Archive for January 2017

Short walk along the Cats Back   12 comments

Back to a gloomy January day in the UK. Our first weekend home after the holidays really made us feel at home. Grey skies and seemingly endless drizzle. Well not totally endless as it did stop for a couple of hours allowing a quick dart up the Cats Back ridge in the Black Mountains with TBF

The weather changed pretty quickly from gloomy to a rather impressive interlude of watery sunshine and above the cloud effects

Any walk of this local ridge is a fine one, being one of the very few narrow (ish) ridges in south Wales. We were lucky to catch such an atmospheric interlude

As we reached the summit of Black Hill the lower cloud was starting to dissipate and the blue skies were being replaced by gloom again. We had thought of extending the walk but it looked rain was heading back so we did as well

It may have been a short walk but it was a nice one all the same to liven up a typical January weekend

Posted January 25, 2017 by surfnslide in Black Mountains, Wales, Walking

Tagged with , ,

The Last Voyage   4 comments

Sandwiched around our New Years Day outing were a couple of days spent in/on/near water. We’d booked onto a boat trip to go sail along the coast, spot dolphins and swim in the sea. Our vessel was the “Flipper Uno” recommended by the Funsters as great day out from last year. We were scheduled for New Years Eve and duly headed down to the harbour. Alas the strong winds caused them to cancel the trip so we were at something of a loose end.

We decided a day by the pool was in order and we went to the Oasis complex in Los Gigantes.

Despite being extraordinarily windy we had? rather a nice day.

We found as sheltered a spot as we could and the pool area is really rather classy with an infinity style view at one end and overlooked by the famous cliffs at the other

We had a few swims and a nice lunch and plenty of lazing around

TBF enjoyed her swims as did I

TJF enjoyed lazing in the sun

TJS looked a little underwhelmed by the whole experience

They fitted us in for a another trip on our last day. Here is our chosen vessel

The weather was grand and the views from the boat were mighty fine. A different perspective from out at sea

Alas the dolphins were a little shy. The Funsters assured us they were jumping and swimming along with the boat last year. We saw a couple of lazy looking specimens that did nothing much before vanishing beneath the waves. That’s the natural world for you, can’t be relied upon to put on a show!

The boat headed back to Masca Bay (where our gorge walk ended last year) for lunch and a swim. It’s a really spectacular spot

We were encouraged to swim and take a leap off the rope swing. I’m pretty pleased with my efforts swinging out the furthest, as several people made a complete hash of it. No photos of my success but you get the idea from this random small boy

It was fantastic swimming near to the cliffs in fairly bouncy, deep, clear water, a memorable experience

One of the crew made amends for the limited dolphin views by letting the gulls take food from his mouth. Actually pretty impressive and I wouldn’t do it. The gulls must know the timing as they were all gathered waiting for a feed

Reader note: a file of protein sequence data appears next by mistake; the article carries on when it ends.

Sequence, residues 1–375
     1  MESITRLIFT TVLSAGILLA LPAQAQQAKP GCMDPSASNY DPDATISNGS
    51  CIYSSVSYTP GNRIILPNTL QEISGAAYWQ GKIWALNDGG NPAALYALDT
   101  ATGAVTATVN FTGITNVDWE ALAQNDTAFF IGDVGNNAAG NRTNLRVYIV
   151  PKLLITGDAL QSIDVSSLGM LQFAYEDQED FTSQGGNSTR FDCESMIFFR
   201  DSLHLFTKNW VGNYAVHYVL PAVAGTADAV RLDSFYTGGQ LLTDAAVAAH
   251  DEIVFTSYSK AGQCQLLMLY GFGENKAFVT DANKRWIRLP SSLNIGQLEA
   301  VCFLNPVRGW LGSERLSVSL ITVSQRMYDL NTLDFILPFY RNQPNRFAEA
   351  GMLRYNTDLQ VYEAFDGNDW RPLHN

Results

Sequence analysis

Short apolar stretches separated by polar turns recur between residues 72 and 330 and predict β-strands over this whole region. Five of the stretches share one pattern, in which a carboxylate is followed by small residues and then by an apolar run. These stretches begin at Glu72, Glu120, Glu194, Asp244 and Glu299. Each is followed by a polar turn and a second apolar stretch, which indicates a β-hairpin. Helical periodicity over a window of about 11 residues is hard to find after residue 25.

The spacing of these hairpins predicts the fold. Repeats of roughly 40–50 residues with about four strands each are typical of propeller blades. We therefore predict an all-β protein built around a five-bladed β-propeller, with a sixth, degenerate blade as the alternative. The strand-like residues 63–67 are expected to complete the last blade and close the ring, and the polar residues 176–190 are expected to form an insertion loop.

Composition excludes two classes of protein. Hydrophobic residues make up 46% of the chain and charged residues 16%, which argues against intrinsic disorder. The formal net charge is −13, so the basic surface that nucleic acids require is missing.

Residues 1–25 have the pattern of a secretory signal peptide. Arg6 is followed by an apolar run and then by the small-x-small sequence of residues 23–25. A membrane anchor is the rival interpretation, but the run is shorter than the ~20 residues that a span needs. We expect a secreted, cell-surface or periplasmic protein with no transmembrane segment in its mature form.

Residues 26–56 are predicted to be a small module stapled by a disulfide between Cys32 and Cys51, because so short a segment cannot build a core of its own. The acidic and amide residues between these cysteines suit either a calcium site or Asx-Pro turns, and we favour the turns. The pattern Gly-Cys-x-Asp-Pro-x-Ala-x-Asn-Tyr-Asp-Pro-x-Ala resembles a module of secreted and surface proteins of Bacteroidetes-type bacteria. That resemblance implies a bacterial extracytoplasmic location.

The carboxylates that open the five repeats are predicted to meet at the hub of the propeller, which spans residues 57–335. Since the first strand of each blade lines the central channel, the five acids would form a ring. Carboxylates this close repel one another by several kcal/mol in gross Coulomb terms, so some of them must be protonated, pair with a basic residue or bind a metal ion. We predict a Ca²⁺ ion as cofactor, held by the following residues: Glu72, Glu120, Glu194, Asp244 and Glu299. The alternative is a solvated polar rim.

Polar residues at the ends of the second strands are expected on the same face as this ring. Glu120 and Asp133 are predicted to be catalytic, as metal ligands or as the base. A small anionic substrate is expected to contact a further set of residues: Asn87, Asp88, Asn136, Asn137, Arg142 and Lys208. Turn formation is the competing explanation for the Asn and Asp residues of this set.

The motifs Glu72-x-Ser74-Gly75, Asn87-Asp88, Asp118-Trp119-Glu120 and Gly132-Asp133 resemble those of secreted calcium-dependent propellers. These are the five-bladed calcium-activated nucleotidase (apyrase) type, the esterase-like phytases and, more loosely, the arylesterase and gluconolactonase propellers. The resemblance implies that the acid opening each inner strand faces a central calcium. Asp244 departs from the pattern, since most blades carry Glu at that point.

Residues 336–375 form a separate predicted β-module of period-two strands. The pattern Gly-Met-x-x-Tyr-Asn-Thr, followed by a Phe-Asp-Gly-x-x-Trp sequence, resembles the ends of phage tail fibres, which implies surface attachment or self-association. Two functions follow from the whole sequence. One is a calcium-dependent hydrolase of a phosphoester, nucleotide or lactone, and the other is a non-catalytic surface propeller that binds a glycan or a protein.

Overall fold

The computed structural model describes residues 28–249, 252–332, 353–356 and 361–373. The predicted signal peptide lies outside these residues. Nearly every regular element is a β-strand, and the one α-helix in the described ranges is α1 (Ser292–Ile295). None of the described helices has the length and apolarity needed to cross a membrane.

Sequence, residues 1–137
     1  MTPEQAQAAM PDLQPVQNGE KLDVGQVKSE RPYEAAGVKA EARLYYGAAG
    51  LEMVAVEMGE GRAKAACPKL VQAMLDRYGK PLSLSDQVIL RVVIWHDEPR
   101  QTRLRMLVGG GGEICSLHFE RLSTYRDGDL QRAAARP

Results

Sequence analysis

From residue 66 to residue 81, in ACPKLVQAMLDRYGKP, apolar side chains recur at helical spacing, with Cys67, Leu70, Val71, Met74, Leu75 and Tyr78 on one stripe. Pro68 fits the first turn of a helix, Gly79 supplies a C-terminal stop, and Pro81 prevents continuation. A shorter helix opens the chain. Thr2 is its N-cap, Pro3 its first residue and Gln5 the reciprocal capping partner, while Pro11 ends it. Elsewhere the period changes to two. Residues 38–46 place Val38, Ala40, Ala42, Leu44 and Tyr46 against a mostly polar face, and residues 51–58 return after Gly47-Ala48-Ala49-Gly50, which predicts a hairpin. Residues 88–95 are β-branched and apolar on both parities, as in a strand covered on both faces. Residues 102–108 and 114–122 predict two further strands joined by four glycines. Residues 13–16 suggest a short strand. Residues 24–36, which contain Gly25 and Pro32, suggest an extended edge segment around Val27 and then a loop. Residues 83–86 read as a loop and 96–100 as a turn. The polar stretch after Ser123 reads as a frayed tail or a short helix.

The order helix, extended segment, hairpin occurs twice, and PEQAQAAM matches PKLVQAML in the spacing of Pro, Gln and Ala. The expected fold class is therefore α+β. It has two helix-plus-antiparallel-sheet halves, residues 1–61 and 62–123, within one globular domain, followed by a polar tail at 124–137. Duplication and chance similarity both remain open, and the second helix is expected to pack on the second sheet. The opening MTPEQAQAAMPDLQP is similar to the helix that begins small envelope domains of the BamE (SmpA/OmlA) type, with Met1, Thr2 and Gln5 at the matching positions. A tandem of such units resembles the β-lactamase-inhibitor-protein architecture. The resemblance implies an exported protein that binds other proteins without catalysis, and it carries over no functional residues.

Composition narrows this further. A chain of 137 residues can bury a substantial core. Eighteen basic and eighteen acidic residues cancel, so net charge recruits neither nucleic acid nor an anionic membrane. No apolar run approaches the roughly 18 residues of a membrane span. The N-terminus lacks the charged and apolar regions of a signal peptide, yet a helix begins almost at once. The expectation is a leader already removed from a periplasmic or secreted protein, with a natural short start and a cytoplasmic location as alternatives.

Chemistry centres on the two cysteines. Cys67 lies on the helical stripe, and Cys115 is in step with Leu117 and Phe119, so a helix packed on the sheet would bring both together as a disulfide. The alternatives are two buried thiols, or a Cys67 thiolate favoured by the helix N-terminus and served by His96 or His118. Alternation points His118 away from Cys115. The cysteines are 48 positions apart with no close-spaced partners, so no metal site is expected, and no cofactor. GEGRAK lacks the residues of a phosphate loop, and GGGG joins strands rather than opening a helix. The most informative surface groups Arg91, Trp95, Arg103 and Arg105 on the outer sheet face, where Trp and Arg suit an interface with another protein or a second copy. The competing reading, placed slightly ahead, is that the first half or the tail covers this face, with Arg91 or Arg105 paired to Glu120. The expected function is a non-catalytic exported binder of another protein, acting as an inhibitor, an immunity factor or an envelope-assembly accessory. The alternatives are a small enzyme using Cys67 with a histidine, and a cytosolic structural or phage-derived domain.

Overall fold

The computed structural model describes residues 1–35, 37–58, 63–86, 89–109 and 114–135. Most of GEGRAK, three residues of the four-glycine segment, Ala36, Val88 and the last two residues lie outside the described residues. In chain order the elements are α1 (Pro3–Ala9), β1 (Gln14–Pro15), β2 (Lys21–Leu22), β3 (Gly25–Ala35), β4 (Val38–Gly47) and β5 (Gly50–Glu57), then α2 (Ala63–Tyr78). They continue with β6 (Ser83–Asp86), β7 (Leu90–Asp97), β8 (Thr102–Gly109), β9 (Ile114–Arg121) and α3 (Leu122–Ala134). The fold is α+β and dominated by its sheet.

The ride back home along the cliffs was equally spectacular

In truth the whole thing was just too tacky for me – all pirate costumes and cheesy music – but it was fun and a nice family way to end the holiday. As a finale we took a visit to the natural rock swimming pool for a dip and to watch the waves bouncing

Even though the water was swirling wildly you could ruhig see shoals of fish hugging the rocks. I like this spot as well

There are some video clips of the waves in the slide-show

So the end of our winter sun trip and something that I’ll be reluctant to give up now. A combination of wbedürftig sunshine, swimming, walking and the avoidance of all things Xmas is an irresistible combination for me.

All is Quiet on New Years Day   4 comments

We didn’t really celebrate New Years Eve, not really our sort of thing. A quiet night in betagthough TBF and TJS stayed up to watch the fireworks (put on by local hotels) from our balcony.

I thought New Years Day would be good for an outing, assuming many others woukld be recovering from the excesses from the night before. We’d never been to the NE corner, the Anaga Pensinsula so I though we ought to put that right. The nice thing about Tenerife is its diminutive size so it only took an hour to drive from one end to the other.

I’d read that the Anaga is rather splendid and so it proved. I asked TJS to take us to some obvious spot to get our bearings and he chose Mirador Pico del Ingles

It was breathtaking and the weather crystal clear. The views were just stunning. There seemed be one long central ridge where the road runs with several deep ravines carved on either side and numerous small villages perched impossibly on the sides

There was a wonderful covering of forest in complete contrast to the barren moonscape on El Teide (seen in the haze below)

It was wonderful and breathtaking vista and the whole area just begged to be explored